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Human Rights Commission Report - New Zealand

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Human Rights Commission Report 2010
The Human Rights Commission periodically releases an intensive report documenting human rights in New Zealand, mapping how they are being "promoted, protected and implemented." Of the thirty 'priority areas for action on human rights' released in the 2010 report, three were workplace and employment related. These included:

Implementing a new framework for equal opportunities that addresses access to decent work for disadvantaged groups such as Maori, Pacific youth and disabled people
Timetabling pay and employment-equity implementation with a minimum target of halving the gender pay gap by 2014 and eliminating it by 2020
Addressing barriers to the employment of migrant workers and ensuring the rights of temporary, seasonal and rural workers and those on work-to-residence visas are respected

Māori and Pasifika rights
Barriers to employment and promotion and equal employment opportunities continue to be one of the major issues facing Māori and Pacific peoples across the full range of occupations. The Ministry of Development's Social Report 2010 assessed the social and economic wellbeing of New Zealanders across a range of indicators. It found higher rates of unemployment for young people, Māori, Pacific peoples and other ethnic groups, and lower rates of median hourly earnings for the same groups as compare with Pakeha/European groups. This was in line with findings from previous years. The report also found that 14 per cent of the population live in low-income households. Since 2001, the annual Social Report, published by the Ministry of Social Development, has charted improvements in unemployment and employment rates and outcomes for Māori in socio-economic outcomes for Māori. Despite these improvements, average outcomes for Māori tend to be poorer than for the total population and the median hourly earnings, occupational spread, representation in senior roles and workplace injury claims. Despite improvements over the last decade, these gaps have widened due to the economic recession that began in late 2008. Unemployment rates in particular have risen, and are higher for Māori than for non-Māori. Māori youth unemployment rates stand as one of the highest figures of any group in New Zealand, sitting at 30.3 per cent in June 2010.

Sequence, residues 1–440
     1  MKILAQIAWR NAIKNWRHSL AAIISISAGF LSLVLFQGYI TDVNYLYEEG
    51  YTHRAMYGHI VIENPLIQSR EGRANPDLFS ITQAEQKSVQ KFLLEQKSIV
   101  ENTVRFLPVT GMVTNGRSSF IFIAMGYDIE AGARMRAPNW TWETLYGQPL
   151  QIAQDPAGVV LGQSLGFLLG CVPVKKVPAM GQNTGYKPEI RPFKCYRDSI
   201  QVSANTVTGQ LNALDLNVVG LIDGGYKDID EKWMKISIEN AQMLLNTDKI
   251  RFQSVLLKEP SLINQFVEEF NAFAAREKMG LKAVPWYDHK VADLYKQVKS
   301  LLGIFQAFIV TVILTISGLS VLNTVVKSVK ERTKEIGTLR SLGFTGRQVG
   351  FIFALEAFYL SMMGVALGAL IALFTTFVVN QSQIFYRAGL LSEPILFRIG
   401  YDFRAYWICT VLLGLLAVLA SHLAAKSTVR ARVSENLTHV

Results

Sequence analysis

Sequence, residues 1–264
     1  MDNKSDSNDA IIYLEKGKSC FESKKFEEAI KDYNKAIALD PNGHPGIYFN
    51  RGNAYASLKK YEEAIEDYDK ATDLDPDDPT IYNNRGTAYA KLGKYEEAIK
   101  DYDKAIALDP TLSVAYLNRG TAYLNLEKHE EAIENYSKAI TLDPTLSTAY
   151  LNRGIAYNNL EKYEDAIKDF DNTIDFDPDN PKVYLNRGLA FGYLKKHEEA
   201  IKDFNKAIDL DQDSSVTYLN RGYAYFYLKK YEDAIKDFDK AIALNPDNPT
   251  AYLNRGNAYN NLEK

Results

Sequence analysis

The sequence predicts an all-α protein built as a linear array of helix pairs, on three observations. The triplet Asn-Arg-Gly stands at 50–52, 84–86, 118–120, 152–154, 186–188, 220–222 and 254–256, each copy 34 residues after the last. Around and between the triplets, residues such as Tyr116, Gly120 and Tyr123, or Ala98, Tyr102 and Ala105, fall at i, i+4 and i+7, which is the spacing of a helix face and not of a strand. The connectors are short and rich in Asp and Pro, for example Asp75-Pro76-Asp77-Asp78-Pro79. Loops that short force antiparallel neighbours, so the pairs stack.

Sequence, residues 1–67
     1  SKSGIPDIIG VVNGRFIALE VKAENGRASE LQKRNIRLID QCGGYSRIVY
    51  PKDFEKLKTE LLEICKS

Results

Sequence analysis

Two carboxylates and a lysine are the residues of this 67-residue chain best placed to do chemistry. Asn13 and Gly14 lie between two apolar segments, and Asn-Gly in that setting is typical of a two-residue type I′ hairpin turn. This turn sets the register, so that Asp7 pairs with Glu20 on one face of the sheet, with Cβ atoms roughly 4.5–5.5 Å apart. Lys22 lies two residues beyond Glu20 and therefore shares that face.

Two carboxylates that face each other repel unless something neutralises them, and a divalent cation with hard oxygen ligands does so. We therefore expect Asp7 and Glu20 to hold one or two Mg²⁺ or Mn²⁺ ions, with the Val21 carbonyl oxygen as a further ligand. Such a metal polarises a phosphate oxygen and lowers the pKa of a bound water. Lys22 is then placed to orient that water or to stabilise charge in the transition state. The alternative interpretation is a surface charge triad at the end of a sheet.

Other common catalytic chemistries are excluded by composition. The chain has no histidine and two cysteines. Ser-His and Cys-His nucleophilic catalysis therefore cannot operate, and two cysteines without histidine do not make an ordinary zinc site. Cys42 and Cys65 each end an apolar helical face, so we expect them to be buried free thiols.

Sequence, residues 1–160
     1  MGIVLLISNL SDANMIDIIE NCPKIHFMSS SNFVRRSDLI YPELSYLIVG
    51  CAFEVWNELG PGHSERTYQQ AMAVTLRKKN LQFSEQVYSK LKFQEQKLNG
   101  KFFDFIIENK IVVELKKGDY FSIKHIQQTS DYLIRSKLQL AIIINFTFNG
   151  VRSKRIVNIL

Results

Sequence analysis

Disabled rights
New Zealand has ratified the Convention on the Rights of Persons with Disabilities. Currently, disabled people, though being protected by a number of domestic statutes (for example the Human Rights Act and NZBORA), are considered one of the most disadvantaged groups in New Zealand when it comes to the right to work, and barriers to employment such as gaining interviews. This was reflected in figures released in 2006 showing the New Zealand labour force participation rate for disabled people was 45 per cent, compared with 77 per cent for non-disabled people.

Gender rights
Despite having pioneered a number of rights issues in the international sphere, in 2010 the United Nations Human Rights Committee raised concern about the low representation of women in high-level and managerial positions and on boards of private enterprises with respect to compliance with arts 2, 3 and 26 of the ICCPR (  International Covenant on Civil and Political Rights ). It was recommended the state seek ways to encourage women participation in these roles including through enhanced cooperation and dialogue with partners in the private sector. Although the part-time employment rate in New Zealand has almost doubled for men since 1986, women continue to have a higher part-time employment rate than men (23.1 per cent and 8.7 per cent, respectively). There was also pervasive inequality found between men and women in the sharing of power and decision-making at all levels. The current mechanisms in place were considered insufficient at all levels to address the advancement of women and the gender pay gap was criticised with average median levels of difference sitting at 10.6%.

Immigrant rights
Immigration in New Zealand is governed by the Immigration Act 2009. While, New Zealand generally complies with and exceeds international standards in terms of its legislation and policies where it regards race relations, barriers to employment and promotion continue to be one of the major issues facing migrants and refugees living in New Zealand. The Human Rights Commission cited that plight of migrant workers in New Zealand has received extensive mainstream media coverage on a range of issues including discrimination, exploitation and battles over work and entry visas.


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